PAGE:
IT is a good idea, in principle. But with the elections mere weeks away, how practical is it? On Thursday, a day after rejecting Dr Tahirul Qadri’s petition on the grounds that he is a dual national, the Supreme Court released a set of proposals to ensure that voting rights for overseas Pakistanis are secured in the coming polls. Amongst the suggestions presented was an immediate meeting between the Election Commission of Pakistan and the Ministries of Interior and Overseas Pakistanis to devise a mechanism in this regard, converting Pakistani missions abroad into polling stations, and directing the National Registration and Database Authority to speed up the process of issuing National Identity Cards for Overseas Pakistanis to all those expatriates who do not possess them.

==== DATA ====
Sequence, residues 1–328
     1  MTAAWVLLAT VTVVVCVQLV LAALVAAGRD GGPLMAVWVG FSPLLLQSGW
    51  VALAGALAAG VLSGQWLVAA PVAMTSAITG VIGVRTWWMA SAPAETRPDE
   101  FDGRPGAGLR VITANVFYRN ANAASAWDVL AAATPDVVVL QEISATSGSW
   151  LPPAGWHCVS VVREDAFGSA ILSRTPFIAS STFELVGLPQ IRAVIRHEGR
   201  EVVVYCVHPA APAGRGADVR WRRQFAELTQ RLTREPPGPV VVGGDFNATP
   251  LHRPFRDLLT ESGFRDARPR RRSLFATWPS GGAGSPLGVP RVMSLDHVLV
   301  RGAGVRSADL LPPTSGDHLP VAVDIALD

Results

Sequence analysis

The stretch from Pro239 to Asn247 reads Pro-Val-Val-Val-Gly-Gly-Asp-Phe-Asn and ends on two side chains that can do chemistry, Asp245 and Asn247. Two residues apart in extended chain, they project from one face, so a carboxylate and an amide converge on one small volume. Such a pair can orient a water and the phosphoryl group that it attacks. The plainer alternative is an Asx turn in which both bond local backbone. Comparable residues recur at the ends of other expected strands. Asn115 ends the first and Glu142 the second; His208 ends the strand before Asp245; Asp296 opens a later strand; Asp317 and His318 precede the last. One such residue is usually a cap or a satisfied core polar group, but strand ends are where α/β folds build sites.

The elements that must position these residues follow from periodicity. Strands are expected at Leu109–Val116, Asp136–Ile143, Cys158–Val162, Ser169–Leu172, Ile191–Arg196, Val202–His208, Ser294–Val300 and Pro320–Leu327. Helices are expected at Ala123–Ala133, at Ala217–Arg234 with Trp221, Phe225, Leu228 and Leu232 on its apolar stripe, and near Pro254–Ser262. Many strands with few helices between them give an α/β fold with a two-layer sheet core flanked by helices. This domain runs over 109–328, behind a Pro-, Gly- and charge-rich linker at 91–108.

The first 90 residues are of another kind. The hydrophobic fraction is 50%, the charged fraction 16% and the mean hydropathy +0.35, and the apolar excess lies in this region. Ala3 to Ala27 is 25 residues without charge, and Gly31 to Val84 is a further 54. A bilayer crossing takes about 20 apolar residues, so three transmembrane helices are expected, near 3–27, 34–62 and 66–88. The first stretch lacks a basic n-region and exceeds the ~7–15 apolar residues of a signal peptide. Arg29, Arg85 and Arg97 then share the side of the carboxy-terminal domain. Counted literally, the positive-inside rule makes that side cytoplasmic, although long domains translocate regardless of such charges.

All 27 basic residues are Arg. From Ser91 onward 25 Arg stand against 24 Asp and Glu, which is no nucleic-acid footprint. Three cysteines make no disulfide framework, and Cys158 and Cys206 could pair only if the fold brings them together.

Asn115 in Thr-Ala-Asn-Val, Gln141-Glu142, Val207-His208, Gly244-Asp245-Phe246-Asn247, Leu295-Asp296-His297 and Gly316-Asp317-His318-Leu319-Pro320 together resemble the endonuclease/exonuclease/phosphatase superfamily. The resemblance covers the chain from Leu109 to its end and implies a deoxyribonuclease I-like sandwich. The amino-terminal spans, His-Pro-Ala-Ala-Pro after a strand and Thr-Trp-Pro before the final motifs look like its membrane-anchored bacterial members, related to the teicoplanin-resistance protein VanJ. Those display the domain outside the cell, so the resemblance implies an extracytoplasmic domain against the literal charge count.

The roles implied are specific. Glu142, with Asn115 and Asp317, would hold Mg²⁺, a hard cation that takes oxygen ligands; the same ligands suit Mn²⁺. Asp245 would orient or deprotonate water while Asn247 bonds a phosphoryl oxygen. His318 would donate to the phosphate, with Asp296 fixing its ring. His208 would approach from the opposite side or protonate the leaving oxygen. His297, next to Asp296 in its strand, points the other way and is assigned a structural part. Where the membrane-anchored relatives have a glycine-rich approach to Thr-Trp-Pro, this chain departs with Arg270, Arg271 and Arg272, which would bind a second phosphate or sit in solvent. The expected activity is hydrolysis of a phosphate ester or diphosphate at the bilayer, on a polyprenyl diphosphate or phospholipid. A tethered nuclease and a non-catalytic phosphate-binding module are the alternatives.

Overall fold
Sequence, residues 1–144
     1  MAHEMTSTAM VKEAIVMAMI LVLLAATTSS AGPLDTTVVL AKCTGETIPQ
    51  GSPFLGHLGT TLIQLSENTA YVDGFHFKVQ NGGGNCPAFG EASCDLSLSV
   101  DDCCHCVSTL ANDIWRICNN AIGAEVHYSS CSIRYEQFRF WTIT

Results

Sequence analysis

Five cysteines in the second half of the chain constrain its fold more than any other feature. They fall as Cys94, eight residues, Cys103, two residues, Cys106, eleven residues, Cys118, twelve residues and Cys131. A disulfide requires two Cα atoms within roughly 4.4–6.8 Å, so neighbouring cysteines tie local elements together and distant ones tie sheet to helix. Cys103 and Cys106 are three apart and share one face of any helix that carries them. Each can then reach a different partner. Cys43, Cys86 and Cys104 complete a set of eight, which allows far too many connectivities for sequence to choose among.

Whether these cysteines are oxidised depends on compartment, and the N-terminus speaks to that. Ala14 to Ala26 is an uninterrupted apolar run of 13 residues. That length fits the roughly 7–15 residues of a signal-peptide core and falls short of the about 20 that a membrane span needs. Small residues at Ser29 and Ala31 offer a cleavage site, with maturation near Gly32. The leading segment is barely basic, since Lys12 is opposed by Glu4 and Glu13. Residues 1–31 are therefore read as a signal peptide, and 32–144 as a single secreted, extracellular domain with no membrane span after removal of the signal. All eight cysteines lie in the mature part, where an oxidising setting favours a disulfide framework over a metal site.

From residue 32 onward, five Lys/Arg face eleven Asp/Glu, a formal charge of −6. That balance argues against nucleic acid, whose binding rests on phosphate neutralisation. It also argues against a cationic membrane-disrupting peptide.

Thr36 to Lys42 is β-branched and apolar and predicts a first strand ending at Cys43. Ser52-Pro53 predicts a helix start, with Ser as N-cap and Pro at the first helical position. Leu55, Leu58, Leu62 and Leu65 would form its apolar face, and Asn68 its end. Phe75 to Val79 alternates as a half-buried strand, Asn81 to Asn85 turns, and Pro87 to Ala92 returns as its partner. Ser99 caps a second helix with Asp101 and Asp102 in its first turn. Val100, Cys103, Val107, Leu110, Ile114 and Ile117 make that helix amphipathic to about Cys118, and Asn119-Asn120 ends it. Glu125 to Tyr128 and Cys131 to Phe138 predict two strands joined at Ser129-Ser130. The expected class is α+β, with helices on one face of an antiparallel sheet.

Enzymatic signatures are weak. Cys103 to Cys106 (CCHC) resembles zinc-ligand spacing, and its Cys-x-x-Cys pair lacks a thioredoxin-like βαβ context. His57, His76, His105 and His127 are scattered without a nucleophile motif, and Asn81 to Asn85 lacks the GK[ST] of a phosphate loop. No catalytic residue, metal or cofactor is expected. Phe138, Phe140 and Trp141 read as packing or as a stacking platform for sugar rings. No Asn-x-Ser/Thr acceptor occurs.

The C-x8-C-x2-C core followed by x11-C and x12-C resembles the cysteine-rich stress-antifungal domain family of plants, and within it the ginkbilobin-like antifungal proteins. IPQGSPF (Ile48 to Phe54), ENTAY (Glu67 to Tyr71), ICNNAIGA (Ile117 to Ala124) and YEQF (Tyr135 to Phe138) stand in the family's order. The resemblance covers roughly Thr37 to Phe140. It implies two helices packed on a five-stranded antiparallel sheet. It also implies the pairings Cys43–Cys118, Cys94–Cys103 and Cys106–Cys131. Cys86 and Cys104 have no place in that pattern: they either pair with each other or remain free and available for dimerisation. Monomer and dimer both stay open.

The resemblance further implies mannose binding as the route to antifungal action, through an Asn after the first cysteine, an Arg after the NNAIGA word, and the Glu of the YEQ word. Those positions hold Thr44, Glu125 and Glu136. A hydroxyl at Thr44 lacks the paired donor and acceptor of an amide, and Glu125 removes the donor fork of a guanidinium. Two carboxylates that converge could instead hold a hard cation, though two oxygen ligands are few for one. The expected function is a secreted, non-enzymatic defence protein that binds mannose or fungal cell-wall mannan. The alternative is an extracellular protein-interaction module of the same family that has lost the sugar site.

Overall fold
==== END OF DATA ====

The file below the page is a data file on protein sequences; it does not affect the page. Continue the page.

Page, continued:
This is all very well, but as the court itself noted, where the practicalities are concerned the task is arduous. The process would have to start with identifying those eligible to vote which, presumably, could be settled by Nadra. After that would come the identification of constituencies, creating a system for votes to physically be cast, making staff available, ensuring the vailability of ballot papers (and making sure they remain confidential) and so on. This constitutes a massive bureaucratic exercise requiring funds that might run into the billions given that the polls include constituencies for not just seats in the National Assembly — of which there are 272 — but also for the provincial assemblies. Together, the number of ballot papers required and the mechanics of allowing expatriate Pakistanis to vote present a formidable picture. It would perhaps be more pragmatic, then, to confine the exercise to settling in principle overseas Pakistanis right to vote, and opening up a debate on the various methods through which this could be made possible. There is nothing to bar legislation on a new system for expatriate voters such as, for example, creating a new constituency for them or making the entire country one constituency in terms of these voters, as was earlier the case for non-Muslim citizens. The coming polls are important; no new arrangement should be ordered that can potentially delay them.